The other way of asking the question is "what am I called to do in order to become my most authentic self (as a Christian)?" (where "becoming my most authentic self" is essentially what we mean by salvation) without assuming that falling short of becoming our most authentic selves is going to result in us being poked by pitchforks forever and ever, amen. In response to that question, I don't think there's anything absurd in noting that Church tradition is fairly clear in teaching (for example) that, yes, "a pubic display in which a little cup of water is poured upon your head" (whether as a child or an adult, and of course never denying that full immersion represents a valid sacrament as well) is necessary, that baptism by water is the fullest and best enactment of the sacramental infusion of regenerative grace, a good and rightful and necessary thing.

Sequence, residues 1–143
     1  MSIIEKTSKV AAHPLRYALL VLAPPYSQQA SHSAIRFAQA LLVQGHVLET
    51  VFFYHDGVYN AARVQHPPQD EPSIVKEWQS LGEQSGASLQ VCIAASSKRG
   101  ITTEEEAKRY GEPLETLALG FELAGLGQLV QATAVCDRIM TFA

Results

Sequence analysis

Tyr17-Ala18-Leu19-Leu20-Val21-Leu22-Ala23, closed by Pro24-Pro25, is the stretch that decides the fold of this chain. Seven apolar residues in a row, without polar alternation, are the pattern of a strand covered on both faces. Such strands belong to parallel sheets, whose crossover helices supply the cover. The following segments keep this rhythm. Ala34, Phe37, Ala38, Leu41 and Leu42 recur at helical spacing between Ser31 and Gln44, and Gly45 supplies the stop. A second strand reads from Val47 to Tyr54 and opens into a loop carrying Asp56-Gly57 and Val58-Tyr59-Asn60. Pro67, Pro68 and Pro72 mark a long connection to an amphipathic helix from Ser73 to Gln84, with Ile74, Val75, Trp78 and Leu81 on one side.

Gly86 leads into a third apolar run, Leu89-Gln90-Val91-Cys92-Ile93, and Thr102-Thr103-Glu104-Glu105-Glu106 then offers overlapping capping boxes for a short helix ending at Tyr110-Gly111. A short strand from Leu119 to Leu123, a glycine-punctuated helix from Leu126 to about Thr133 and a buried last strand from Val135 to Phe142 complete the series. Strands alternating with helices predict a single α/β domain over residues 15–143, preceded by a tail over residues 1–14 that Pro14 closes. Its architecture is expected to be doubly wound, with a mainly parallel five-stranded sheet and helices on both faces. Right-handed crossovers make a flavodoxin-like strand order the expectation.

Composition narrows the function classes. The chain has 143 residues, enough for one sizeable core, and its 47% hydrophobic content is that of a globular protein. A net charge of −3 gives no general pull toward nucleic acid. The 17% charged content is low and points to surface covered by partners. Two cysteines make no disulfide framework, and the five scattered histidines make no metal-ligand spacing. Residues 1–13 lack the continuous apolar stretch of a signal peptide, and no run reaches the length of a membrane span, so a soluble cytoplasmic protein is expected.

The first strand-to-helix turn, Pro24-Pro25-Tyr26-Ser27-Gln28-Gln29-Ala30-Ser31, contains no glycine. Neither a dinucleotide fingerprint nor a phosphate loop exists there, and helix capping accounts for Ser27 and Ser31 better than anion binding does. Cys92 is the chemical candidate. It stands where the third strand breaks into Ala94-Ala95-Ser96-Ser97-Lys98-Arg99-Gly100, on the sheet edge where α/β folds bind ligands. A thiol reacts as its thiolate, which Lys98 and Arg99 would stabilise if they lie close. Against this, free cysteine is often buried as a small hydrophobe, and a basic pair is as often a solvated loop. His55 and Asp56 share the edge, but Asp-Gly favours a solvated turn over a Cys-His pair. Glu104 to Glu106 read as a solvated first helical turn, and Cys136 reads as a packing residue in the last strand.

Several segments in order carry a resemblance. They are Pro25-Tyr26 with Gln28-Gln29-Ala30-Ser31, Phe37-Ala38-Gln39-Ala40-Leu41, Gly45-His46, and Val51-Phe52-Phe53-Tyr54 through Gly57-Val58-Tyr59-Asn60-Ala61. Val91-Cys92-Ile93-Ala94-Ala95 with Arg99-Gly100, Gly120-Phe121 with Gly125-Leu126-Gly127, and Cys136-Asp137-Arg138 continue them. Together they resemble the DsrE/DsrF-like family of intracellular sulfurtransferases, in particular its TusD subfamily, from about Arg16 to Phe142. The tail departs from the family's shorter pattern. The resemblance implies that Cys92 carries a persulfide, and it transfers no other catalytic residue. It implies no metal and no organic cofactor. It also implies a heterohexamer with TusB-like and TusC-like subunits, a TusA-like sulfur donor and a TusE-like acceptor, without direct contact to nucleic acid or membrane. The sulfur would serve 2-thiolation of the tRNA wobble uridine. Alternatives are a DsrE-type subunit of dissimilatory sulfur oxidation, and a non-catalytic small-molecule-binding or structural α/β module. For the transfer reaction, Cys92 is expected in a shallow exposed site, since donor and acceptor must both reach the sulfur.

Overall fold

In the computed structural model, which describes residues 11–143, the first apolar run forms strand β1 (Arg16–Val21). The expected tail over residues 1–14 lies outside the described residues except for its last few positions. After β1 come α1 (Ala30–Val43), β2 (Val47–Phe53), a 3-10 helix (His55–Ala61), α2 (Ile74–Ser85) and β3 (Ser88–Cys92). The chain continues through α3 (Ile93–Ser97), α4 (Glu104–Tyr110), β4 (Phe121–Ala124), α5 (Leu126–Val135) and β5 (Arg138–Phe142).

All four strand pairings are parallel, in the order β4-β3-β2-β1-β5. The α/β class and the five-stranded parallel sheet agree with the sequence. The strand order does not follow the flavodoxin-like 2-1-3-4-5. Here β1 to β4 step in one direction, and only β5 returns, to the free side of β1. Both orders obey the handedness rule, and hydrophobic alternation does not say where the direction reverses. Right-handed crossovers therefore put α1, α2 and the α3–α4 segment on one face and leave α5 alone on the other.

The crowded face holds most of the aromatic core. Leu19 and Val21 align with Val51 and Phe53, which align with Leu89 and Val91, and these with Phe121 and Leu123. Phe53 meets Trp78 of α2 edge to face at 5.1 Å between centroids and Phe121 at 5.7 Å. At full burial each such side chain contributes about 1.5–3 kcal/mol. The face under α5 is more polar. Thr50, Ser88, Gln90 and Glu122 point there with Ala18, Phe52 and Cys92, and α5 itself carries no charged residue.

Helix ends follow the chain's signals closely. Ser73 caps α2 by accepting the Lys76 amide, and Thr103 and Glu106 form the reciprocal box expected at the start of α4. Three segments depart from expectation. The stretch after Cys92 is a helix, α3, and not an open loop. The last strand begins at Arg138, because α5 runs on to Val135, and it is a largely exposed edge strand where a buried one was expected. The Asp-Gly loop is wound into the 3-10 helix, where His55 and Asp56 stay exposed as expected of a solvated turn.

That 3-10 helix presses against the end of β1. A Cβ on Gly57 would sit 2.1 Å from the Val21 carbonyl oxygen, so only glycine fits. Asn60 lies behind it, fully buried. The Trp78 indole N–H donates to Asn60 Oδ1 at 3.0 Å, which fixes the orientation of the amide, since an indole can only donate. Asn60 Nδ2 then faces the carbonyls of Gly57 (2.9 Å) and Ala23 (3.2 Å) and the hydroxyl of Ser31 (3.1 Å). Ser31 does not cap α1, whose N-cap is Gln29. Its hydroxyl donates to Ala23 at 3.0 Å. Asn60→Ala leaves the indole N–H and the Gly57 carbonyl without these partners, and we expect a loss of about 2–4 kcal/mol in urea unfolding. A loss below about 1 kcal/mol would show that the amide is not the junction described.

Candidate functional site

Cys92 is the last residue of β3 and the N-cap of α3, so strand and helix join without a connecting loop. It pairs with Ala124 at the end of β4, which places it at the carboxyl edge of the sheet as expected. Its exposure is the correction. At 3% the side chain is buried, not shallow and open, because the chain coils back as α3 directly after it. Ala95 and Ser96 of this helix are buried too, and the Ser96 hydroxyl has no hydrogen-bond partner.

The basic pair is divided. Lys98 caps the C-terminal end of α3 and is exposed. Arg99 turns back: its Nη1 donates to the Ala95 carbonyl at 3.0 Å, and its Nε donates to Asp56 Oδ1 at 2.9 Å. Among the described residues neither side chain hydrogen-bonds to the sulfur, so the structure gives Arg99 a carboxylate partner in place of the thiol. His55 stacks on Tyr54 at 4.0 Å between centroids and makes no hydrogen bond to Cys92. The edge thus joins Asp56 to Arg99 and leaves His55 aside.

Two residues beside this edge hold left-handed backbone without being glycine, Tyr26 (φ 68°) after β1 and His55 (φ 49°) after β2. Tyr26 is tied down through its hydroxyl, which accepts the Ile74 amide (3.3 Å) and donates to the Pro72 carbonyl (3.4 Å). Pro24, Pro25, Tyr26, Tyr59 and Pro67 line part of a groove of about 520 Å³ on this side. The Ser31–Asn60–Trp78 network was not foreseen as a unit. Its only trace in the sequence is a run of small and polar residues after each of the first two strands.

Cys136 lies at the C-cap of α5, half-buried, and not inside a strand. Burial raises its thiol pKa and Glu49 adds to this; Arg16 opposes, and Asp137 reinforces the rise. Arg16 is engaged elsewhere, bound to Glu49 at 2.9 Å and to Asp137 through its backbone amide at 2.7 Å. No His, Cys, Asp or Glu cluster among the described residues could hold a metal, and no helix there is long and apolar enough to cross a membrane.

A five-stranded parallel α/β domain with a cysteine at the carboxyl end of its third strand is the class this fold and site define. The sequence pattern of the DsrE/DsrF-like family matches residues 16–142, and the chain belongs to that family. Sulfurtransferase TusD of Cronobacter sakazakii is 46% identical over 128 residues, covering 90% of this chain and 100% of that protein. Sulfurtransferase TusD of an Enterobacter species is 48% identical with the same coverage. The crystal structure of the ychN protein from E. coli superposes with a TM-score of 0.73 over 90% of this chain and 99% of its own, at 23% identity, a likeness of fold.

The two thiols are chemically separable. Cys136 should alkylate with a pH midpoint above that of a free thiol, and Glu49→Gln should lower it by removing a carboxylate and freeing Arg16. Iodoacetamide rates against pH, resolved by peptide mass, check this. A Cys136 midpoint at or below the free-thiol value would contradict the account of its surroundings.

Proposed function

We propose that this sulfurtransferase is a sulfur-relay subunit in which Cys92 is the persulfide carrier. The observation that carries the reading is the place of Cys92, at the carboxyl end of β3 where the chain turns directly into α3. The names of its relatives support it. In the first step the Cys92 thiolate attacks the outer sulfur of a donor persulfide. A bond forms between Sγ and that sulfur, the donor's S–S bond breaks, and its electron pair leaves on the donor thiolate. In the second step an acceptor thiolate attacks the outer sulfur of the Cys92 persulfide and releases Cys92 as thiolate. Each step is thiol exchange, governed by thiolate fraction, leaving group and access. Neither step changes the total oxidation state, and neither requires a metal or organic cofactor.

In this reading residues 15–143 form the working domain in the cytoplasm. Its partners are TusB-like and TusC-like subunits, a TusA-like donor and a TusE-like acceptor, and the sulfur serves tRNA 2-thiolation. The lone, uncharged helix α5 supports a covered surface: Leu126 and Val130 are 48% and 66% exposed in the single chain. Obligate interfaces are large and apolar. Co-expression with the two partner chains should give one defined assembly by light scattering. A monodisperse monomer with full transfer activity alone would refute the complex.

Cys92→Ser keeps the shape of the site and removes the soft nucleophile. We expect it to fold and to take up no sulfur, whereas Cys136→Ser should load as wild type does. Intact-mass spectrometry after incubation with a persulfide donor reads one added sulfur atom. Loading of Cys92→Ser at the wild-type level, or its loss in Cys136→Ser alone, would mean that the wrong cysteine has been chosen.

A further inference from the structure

More on Baptism

Saturday, 17 July 2010 03:17 pm
cjbanning: (Palm Sunday)
(Following up on my previous post, On Baptism.)

The Evangelical anti-sacramentalism towards baptism is a result of that movement's overemphasis on personal experience and individual salvation. At its extreme, this results in a denial of the eficancy of infant baptism, for infants do not have the development in faith to come to Christ on their own accord. (But then, who does?)

Against this, we affirm in our Anglo-Catholicism the properly sacramental understanding of the baptismal rite, one grounded in the community of the Body of Christ. Properly understood, it is not so much that an individual enters the Church so much as it is the Church who grows by one member. It is Christ who works through the sacrament, with the Church as mediator, not the baptisand--but as God has bound the sacraments to Godself, we may be fully certain than the sacramental infusion of grace shall be efficacious.

By entering into the bonds of community which mark the mystical Body of Christ, it is of course true to say that something significant happens in the life of the baptisand. It is a turning, not away from the world, but from sin and its tyranny, and most especially "the conditions which hold people in economic and political bondage" (Bloesch 24, not speaking with praise).